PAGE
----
“These are super ice-class vessels that require extensive hull protection for the operations they (will) undertake,” said Amat Engineering managing director Orkun Çomuoğlu.
Qatari well stimulation vessel
US-based oilfield services firm Schlumberger’s FlexSTIM platform is an offshore modular stimulation system that has been deployed on vessels in oil-producing regions around the world, including the Caspian Sea.
Under a recent agreement with Middle East maritime and logistics company Milaha, Schlumberger will be developing a Qatari-owned well stimulation vessel that will be outfitted with the well stimulation technology.
Under a memorandum of understanding (MoU), Milaha and Schlumberger will support value-building projects while jointly driving ‘Tawteen’ initiatives for Qatar, creating local content and knowledge-building. Led by Qatar Petroleum (QP), the Tawteen programme wants to increase new investment opportunities to retain in-country ‘economic value’ in Qatar.
One of the centrepieces of the five-year joint development project is a Qatar-owned, Qatar-flagged and Qatar-operated oil well stimulation vessel. Milaha said the first of these vessels would be designed and outfitted in Qatar, creating the inaugural FlexSTIM platform, which will be modified, owned and operated locally.
“The Tawteen programme wants to increase new investment opportunities to retain in-country economic value”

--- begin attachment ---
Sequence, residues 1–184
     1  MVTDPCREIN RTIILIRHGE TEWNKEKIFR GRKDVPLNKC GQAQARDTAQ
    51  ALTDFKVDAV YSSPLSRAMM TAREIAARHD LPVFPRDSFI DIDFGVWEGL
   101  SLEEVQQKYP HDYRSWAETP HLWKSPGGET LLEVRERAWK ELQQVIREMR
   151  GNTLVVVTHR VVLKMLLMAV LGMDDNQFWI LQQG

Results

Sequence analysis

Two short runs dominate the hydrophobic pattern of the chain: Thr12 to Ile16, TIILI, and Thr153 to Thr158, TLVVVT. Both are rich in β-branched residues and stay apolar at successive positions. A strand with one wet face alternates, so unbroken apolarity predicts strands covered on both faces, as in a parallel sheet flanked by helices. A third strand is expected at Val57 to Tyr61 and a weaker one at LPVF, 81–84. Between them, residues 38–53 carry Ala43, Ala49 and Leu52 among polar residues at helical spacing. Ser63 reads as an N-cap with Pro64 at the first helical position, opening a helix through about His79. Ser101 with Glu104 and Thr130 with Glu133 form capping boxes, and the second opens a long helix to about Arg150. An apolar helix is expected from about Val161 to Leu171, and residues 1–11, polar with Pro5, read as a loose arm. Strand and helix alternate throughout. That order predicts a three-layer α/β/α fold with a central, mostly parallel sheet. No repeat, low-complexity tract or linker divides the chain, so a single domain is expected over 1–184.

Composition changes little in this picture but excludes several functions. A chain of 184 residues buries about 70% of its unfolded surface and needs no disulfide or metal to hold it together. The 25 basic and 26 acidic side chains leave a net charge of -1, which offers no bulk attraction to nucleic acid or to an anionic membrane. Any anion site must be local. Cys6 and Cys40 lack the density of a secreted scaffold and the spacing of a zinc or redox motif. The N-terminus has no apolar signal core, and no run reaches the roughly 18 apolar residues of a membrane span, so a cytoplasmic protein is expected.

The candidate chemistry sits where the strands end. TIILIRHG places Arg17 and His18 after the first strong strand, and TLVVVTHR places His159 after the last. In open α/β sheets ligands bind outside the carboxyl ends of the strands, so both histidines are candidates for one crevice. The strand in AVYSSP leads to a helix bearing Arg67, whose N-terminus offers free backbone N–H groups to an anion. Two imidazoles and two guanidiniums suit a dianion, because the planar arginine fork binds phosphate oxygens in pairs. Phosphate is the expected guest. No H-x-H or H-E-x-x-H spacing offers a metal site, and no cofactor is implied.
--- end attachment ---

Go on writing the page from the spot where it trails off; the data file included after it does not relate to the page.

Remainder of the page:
Schlumberger says in some cases the FlexSTIM system can be designed and implemented in less than four weeks from the order date. Its capacity can be tailored to meet specific operator needs – a standard 900-m2 deck area supply vessel can be moulded for capacities up to 10,000 kW, 350 m3 of proppant storage, and 605,000 litres of concentrated acid capacity. This combination of flexibility, capacity, and rapid turnaround time is unparalleled, even for dedicated stimulation execution.
’New beginning’ for Solstad
A multi-year effort to refinance one of the largest OSV owners in the world has finally been concluded. Offshore oil and gas and renewables vessel owner Solstad Offshore confirmed that all resolutions tabled at an extraordinary general meeting (EGM) on 20 October were approved, completing a successful refinancing of the company.
The resolutions approved at the EGM included a share capital increase by conversion of Nkr9.7Bn (US$1Bn) in debt and by contributions in cash directed against certain creditors and investors.
The EGM also confirmed the election of Harald Espedal, Frank Reite, Peder Sortland, Thorhild Widvey, Ellen Solstad and Ingrid Kylstad as members of the company’s board of directors, effective as of 23 October.
Solstad Offshore chief executive Lars Peder Solstad said: “The resolutions … mark a new beginning for Solstad Offshore.”
Mr Solstad continued: “The oil service industry was hit hard by the decline in activity after the drastic fall in oil prices in 2015, and the company was left with no other choice than to start a process with creditors and shareholders to restructure its balance sheet.
“Solstad Offshore is now significantly stronger and will continue to be a reliable partner for our clients, suppliers and employees.”
Mr Solstad concluded: “With a fleet of about 100 vessels involved with the oil and gas sector, as well as offshore wind activity worldwide, and more than 3,500 highly skilled employees both on and offshore, Solstad Offshore will remain one of the main players in the offshore vessel industry.”